Peter J. Cammarano III, elected mayor of Hoboken, NJ in 2009, was arrested in a bribery sting just three weeks into his term and pleaded guilty this April to taking a $25,000 bribe in exchange for a promise to help a purported developer (actually an informant) build in Hoboken. Yesterday he was sentenced to 2.5 years in prison.
I have a phobia about prison. So many American prisons, or units within prisons, are cauldrons of rape, intimidation and sadism. I don't think a human society should incarcerate anyone under the conditions we impose - hard as it may be to create a humane environment composed entirely of convicted criminals.
That said, I've also long thought that corrupt public officials get off easy compared to white collar felons convicted of business fraud. Selling legislation or public contracts or regulatory forbearance harms the public good far more than looting or misrepresenting the finances of a for-profit company. Americans may assume that lobbyists influence elected officials in malign ways. But soft, nebulous, indirect influence in which advocacy is bolstered by cash is still different in kind from direct bribery. Our freedom and prosperity depend on the public's faith that elected officials and their appointees not sell legislation and contracts outright.
Elected officials who confess to or are convicted of doing just that get off far more lightly than convicted white collar criminals. Duke Cunningham, a 7-term Republican congressman on the House Appropriations and Intelligence committees, pleaded guilty to accepting $2.4 million in bribes for his help awarding defense and intelligence contracts. He got 8 years. Jack Abramoff, the lobbyist who had practically the whole Republican Congress on the string and massively cheated his clients as well as bribing public officials on their behalf, got 8 years. Bob Ney, the wholly owned Abramoff subsidiary who accepted bribes to further the interests of several Indian tribes and casino ventures, got 30 months.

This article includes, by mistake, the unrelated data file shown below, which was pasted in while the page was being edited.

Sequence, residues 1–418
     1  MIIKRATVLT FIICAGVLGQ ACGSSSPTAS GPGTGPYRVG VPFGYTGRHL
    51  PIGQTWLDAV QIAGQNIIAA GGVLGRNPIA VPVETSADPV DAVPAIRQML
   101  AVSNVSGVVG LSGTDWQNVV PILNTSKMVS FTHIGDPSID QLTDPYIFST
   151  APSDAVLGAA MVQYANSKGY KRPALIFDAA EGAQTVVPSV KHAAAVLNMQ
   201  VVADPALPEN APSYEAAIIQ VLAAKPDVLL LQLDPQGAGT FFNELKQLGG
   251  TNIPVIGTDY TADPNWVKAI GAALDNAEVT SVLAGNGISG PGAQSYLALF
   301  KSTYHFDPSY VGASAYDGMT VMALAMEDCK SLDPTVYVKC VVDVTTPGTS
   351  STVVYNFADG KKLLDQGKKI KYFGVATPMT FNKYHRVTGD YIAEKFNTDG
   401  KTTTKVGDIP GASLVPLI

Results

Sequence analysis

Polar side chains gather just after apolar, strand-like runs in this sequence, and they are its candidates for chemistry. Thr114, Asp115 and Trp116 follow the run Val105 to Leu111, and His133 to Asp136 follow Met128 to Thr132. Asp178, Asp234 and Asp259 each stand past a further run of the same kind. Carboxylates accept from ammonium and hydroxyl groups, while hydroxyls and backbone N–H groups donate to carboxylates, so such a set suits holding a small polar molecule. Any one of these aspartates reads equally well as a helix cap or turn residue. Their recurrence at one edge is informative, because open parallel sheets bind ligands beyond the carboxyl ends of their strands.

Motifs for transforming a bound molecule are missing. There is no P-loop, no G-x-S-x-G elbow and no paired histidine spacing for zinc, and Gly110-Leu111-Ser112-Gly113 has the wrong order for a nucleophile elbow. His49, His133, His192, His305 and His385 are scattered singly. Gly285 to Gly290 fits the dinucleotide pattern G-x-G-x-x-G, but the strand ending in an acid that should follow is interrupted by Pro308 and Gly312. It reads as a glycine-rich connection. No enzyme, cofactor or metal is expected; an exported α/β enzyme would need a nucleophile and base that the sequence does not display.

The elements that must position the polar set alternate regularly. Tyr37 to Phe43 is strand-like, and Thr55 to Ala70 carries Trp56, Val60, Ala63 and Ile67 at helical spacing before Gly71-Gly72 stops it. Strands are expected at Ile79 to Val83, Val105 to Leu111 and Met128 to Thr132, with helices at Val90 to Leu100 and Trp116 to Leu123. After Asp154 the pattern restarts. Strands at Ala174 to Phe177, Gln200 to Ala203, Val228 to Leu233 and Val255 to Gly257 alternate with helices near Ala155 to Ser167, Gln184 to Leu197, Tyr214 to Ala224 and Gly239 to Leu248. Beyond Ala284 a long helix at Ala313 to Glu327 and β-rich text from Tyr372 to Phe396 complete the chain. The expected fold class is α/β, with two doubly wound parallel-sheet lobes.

In contrast, Jeff Skilling, CEO of Enron when it imploded in 2001, got 24 years and four months mainly for insider trading and securities fraud -- that is, for overseeing Enron's web of sham transactions and for selling some of his own shares in the runup to collapse.The Supreme Court recently vacated part of his conviction and sent the case back to the lower court, but a significant sentence reduction is not expected. Bernard Ebbers, who oversaw the 2002 bankruptcy of Worldcom and was convicted of accounting fraud and conspiracy, got 25 years. Dennis Kozlowski, CEO of Tyco, which he built into a conglomerate giant over the course of his ten-year tenure, was convicted of looting the company of $81 million in unauthorized bonuses and payment of almost $15 million for art. He got 8 1/3--25 years.
Skilling and Ebbers, who helped trigger the bankruptcies of major public corporations, bear responsibility for a great deal of suffering and market disruption. Kozlowski's Tyco survived his tenure (as did Worldcom Ebber's, in a sense, as it emerged from bankruptcy after two years and was bought by Verizon in 2005). All three were probably rightly convicted. But their sentences are disproportionate compared to the sentences of those who betray the public trust and compromise the integrity of government.